The attempted Trump administration “ban” on immigration from seven predominantly Muslim nations threw lives into chaos, sparked mass protest, sewd confusion, consumed lawyers, and generated anguished debate about just how much love the United States truly has for the “tempest-tost” of the world. Yet as with the slogan “America First,” we have been here before in history. And artists have responded.
After World War I, immigration rose dramatically, fueling the fear that refugees (especially from Southern and Eastern Europe) would seek out new opportunities in the United States. In concert with a rank pseudo-scientific racism, wholly endorsed by the U.S. government through the Dillingham Commission, Congress distinguished between those who were deemed more or less likely and able to assimilate to American culture. In 1921, the House passed a bill enacting a two-year moratorium on all immigration, but the Senate refused to support a complete ban. Instead, the Emergency Quota Act of 1921 slashed immigration into the United States from Africa, Australia, Europe, the Middle East, and New Zealand, setting strict quotas based on the 1910 census to ensure an unchanging ethnic and religious population. Immigration within the Western Hemisphere was not limited (California and Texas relied on cheap agricultural labor from Mexico) and the Chinese Exclusion Act of 1882 had already banned Asian immigration. Under the Emergency Quota Act of 1921, ships bearing would-be immigrants were turned away from U.S. shores. Three years later Congress passed the National Origins Act, also known as the Johnson-Reed Act, which fixed and froze immigration quotas by racial groups to preserve the “pure, unadulterated Anglo-Saxon stock” of the United States, as one Senate supporter explained. Only in 1965 was this racially discriminatory immigration policy repealed.
The American composer Cole Porter, now revered as a Broadway genius but at the time still an ambitious young songsmith, mounted a response in the form of an acerbic, staged-on-the-cheap pantomime-ballet first called Landed, then, in response to the new immigration laws, named Within the Quota. The ballet, to a scenario by Gerald Murphy, was premiered in Paris the Ballets Suédois before itself emigrating to the United States.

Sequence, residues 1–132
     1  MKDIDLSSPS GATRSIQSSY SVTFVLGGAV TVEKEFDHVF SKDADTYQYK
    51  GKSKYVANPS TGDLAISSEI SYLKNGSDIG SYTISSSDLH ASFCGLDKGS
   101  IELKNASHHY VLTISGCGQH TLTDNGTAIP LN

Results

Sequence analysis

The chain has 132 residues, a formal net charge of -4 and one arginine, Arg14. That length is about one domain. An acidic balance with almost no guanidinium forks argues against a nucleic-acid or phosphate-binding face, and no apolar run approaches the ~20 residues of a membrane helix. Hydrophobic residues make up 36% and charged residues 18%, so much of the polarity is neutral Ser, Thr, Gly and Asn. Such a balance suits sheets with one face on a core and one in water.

There is no real plot, just a series of encounters that culminate in a caustic satire of a modern, American happy ending: It’s not love but fame and wealth that conquers all. Choreographer and dancer Jean Bӧrlin took the lead role, playing the part of an immigrant who, upon passing through Ellis Island, meets various clichéd American types extracted from the silent screen. The would-be hero is number thirteen within the immigration quota, a number he wears as a tag on his ill-fitting town suit. Arriving in the United States, he first encounters a bejeweled heiress, a role taken in 1923 by the glamorous Klara Kjellblad, whose role today could be played by Ivanka Trump. Next appeared a strutting racist caricature: a “colored gentleman” in natty attire, a throwback to Zip Coon from the minstrel stage. The part, performed in blackface by Kaj Smith, inspired the catchiest music in Porter’s score and sated a noxious, perverse fascination among the French ballet-going public with American minstrelsy. A posh “jazz baby,” inspired by the mercurial femme fatale actress Pola Negri, enters next; the role was danced in a slit gown by the black-haired, pale-skinned Ebon Strandin. Lastly a deeply tanned, constantly squatting cowboy comes to the stage. He’s the antithesis of the inner-city types, the coastal elites, the Hollywood liberals who compose the rest of the cast. The series of encounters with American stereotypes leaves immigrant number thirteen confused and frightened, especially because each clichéd character encounters the forces of repression and hypocrisy. A prohibitionist drinks the bottle that he confiscates, then there’s a tax collector, a sheriff, and finally a film censor. The censor follows the appearance of a movie star in long curls, pink ribbons, and heart-shaped necklace pendant representing the silent film comedienne Mary Pickford.